The voice-to-technology (V2T) encounter and the call centre servicescape: Navigation, spatiality and movement

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6 Citations (Scopus)

Abstract

Purpose: Because the voice-to-technology (V2T) encounter remains under-theorised, the purpose of this paper is to overcome this gap by investigating customers use of the interactive voice response (IVR) system and "the customer journey" through the call centre service system. Design/methodology/approach: From an interpretive study of a UK call centre, the metaphorical aspects of language used to represent the service process are analysed, accompanied by an examination of how the servicescape dimensions of spatial layout and signs are constituted in the call centre service process, and the resulting implications for virtual-aural navigation. Findings: Despite no physical movement, customers represent their experience of navigating "through" the service process in spatial terms. Therefore, understanding precisely how servicescape dimensions are reconfigured within the virtual-aural setting of the call centre is necessary to appreciate customer experience of V2T but also voice-to-voice (V2V) encounters. The call centre servicescape lacks a spatial representation of layout and signs that would conventionally support navigation and purposeful movement. Research limitations/implications: Despite observing live calls, direct interaction with customers was not possible. The paper was based upon a single case study, and the hermeneutic focus on understanding and meaning meant that the study did not emphasise the quantification of phenomenon. Therefore, further research on virtual navigation is required. Practical implications: Problematic V2T encounters compromise the quality and efficiency of service provision. A visual representation of the IVR system may possibly support V2T encounters, while encouraging customer service advisors to act as "guides" during V2V encounters may reduce problems emerging from V2T encounters. Originality/value: First, an original theorisation of the customer experience of the V2T encounter is provided through the theoretical notion of spatialisation metaphors. Second, a preliminary conceptualisation of the call centre servicescape is developed, which shows how spatial layout and signs are reconfigured and represented in this virtual-aural setting.

Original languageEnglish
Pages (from-to)349-368
Number of pages20
JournalJournal of Service Management
Volume25
Issue number3
DOIs
Publication statusPublished - 2014

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call center
navigation
Navigation
hermeneutics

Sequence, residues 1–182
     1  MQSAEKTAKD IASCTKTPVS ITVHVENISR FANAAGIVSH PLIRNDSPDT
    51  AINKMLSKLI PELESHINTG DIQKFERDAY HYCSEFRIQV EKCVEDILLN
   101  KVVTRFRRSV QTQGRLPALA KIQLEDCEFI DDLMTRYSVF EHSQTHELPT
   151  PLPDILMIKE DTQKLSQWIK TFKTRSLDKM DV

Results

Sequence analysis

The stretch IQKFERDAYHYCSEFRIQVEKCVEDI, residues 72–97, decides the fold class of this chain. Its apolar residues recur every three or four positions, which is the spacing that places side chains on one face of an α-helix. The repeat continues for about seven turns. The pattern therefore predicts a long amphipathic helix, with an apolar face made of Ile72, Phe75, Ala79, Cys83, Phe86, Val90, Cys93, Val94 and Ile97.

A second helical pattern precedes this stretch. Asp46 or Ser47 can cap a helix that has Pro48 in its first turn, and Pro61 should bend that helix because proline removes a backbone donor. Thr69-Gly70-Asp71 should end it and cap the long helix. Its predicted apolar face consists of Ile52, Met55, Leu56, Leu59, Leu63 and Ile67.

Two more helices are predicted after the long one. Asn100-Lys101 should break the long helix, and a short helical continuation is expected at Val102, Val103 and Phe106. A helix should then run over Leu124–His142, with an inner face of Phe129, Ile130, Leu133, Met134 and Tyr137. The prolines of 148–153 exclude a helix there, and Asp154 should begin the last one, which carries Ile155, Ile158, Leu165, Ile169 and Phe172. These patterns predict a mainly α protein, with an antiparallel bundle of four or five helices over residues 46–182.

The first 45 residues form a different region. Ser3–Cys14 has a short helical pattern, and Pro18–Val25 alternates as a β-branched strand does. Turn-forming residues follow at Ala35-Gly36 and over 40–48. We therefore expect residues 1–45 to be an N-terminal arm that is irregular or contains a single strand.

service provision
Spatiality
Servicescape
Call centres
services
methodology

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title = "The voice-to-technology (V2T) encounter and the call centre servicescape: Navigation, spatiality and movement",
abstract = "Purpose: Because the voice-to-technology (V2T) encounter remains under-theorised, the purpose of this paper is to overcome this gap by investigating customers use of the interactive voice response (IVR) system and {"}the customer journey{"} through the call centre service system. Design/methodology/approach: From an interpretive study of a UK call centre, the metaphorical aspects of language used to represent the service process are analysed, accompanied by an examination of how the servicescape dimensions of spatial layout and signs are constituted in the call centre service process, and the resulting implications for virtual-aural navigation. Findings: Despite no physical movement, customers represent their experience of navigating {"}through{"} the service process in spatial terms. Therefore, understanding precisely how servicescape dimensions are reconfigured within the virtual-aural setting of the call centre is necessary to appreciate customer experience of V2T but also voice-to-voice (V2V) encounters. The call centre servicescape lacks a spatial representation of layout and signs that would conventionally support navigation and purposeful movement. Research limitations/implications: Despite observing live calls, direct interaction with customers was not possible. The paper was based upon a single case study, and the hermeneutic focus on understanding and meaning meant that the study did not emphasise the quantification of phenomenon. Therefore, further research on virtual navigation is required. Practical implications: Problematic V2T encounters compromise the quality and efficiency of service provision. A visual representation of the IVR system may possibly support V2T encounters, while encouraging customer service advisors to act as {"}guides{"} during V2V encounters may reduce problems emerging from V2T encounters. Originality/value: First, an original theorisation of the customer experience of the V2T encounter is provided through the theoretical notion of spatialisation metaphors. Second, a preliminary conceptualisation of the call centre servicescape is developed, which shows how spatial layout and signs are reconfigured and represented in this virtual-aural setting.",